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Planning for Medical Care with Advance Directives

You probably know the importance of having a will, but are you familiar with advance directives and understand their importance? Advance directives are needed if there comes a time when an individual is unable to make health care decisions for themselves. 

Federal law states that each patient is in charge of their own medical care and medical decisions. How can you be in charge of your medical care if you are suffering from dementia or Alzheimer’s disease or are permanently unconscious? If you have advance directives in place, your wishes for your medical care will be known by your team of caregivers.

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What Are Advance Directives?

Advance directives are important documents that can help ensure your wishes or a loved one’s are followed if either of you are unable to make your own decisions about your medical care. There are three types of advance directives: living wills, medical powers of attorney for health care, and durable powers of attorney.

It is important to talk to your doctor about advance directives and to complete the appropriate forms. You should also discuss your wishes with your family and friends so that they know what you want. Advance directives can give you peace of mind knowing that your wishes will be followed.

How Do I Prepare My Advance Directives?

Most people will contact an attorney to prepare their advance directives. Some may choose an online service that guides you through a series of questions to prepare your documents. In either case, there are a series of steps that the National Institute of Aging recommends:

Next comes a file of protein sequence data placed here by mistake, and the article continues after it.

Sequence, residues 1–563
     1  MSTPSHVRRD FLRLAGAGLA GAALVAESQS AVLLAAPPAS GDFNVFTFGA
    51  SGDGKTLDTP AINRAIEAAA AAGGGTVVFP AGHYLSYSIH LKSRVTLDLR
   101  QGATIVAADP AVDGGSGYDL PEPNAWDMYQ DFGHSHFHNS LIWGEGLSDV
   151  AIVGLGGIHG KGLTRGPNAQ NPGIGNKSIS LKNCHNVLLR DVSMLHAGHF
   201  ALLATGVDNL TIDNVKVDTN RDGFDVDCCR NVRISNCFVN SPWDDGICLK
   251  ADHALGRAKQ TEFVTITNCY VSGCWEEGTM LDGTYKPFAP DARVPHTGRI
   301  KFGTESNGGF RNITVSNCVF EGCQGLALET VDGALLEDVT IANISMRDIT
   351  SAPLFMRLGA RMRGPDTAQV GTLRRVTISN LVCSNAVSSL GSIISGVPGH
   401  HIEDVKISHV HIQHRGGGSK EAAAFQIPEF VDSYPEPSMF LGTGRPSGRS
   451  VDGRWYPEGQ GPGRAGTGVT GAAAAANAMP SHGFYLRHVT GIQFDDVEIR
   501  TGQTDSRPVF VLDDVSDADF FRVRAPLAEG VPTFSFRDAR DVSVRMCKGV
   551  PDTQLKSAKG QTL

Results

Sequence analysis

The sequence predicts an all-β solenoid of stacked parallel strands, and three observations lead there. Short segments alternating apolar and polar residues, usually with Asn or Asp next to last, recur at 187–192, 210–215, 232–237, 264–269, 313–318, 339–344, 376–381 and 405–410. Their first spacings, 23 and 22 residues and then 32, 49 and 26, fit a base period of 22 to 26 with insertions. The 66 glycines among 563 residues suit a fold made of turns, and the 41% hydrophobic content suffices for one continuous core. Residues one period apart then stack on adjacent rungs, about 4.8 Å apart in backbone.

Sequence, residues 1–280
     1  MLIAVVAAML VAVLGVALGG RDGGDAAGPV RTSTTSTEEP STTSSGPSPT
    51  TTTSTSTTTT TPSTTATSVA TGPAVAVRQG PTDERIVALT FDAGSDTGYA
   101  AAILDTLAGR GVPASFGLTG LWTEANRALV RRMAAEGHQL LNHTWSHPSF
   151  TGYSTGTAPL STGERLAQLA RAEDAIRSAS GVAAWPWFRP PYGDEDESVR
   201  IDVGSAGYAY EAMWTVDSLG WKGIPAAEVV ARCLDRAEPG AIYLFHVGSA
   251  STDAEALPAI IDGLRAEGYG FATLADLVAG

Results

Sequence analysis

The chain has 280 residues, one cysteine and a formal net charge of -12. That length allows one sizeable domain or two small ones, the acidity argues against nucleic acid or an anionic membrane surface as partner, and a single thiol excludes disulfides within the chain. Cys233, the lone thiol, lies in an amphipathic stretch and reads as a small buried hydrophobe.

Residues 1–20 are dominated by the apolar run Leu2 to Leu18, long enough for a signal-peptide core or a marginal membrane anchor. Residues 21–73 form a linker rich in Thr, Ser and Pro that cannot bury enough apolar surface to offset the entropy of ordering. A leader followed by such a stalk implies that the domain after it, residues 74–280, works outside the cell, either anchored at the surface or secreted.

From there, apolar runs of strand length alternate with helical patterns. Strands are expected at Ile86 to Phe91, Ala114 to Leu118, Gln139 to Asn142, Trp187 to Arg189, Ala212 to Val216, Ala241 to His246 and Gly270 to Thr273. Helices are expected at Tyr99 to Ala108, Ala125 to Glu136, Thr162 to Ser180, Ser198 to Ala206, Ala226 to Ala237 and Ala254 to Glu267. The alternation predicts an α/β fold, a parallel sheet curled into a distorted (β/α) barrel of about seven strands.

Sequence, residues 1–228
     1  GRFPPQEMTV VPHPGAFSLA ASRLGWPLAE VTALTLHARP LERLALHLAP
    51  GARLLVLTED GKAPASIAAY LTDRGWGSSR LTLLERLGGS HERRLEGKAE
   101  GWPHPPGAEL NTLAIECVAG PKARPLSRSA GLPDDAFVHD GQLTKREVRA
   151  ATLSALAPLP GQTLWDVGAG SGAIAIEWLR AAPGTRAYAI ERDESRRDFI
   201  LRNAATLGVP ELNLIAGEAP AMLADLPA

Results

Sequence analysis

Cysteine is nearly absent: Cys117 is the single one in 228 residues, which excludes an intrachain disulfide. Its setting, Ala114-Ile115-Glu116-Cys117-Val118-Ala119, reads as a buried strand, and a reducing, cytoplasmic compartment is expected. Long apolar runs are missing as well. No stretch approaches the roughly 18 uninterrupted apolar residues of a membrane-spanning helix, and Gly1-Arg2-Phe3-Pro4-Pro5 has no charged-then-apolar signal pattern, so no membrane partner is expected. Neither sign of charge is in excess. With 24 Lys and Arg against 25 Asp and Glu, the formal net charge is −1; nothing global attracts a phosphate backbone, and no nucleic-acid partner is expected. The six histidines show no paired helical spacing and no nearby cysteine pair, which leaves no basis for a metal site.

1. Reflect on your values and wishes.
  2. Talk with your doctor about advance directives.
  3. Choose someone you trust to make medical decisions for you.
  4. Complete your advance directive forms with your attorney or online service.
  5. Share your forms with your healthcare proxy, doctors, and loved ones.


In the state of Texas, it is important to know that an Out of Hospital DNR (OOH-DNR) is required for DNR orders outside of a hospital setting. This form instructs emergency medical personnel and other health care professionals to forgo resuscitation attempts and to permit the patient to have a natural death with peace and dignity.

Download OOH-DNR

Are Advance Directives the Same as a DNR (Do Not Resuscitate) Order?

A DNR is used to express the wish to refuse CPR in the case of an emergency. A DNR order can be part of advance directives, but is not required to be. Individuals can sign a DNR at their doctor’s office. The order will become part of their medical file. DNRs are typically used by older people and those with serious illness.

Remember to talk to your family and caregivers about your wishes. Let them know you have a DNR order on file with your doctor.


Keep the Conversation Going

Continue to talk about your wishes with your loved ones and your healthcare proxy.  Update your forms at least once a year, after major life changes, or after changes in your health.

Here are some additional resources on advance directives:

We Care

We care deeply about our clients and their families. While we provide expert care for a variety of needs–ADLs, IADLs, companionship, medication management, and dementia care–we recognize that this is only a piece of a larger picture. As you develop a care plan for yourself or your loved ones, we encourage you to ensure that estate planning and advance directives are included. Having a plan in place provides peace of mind for everyone. And peace of mind makes room for more joyful moments. 

Have the conversation about advance directives and remember–keep the conversation going.

To learn more about home care services at Inspired Care Solutions, please contact us at (830) 225-2273.

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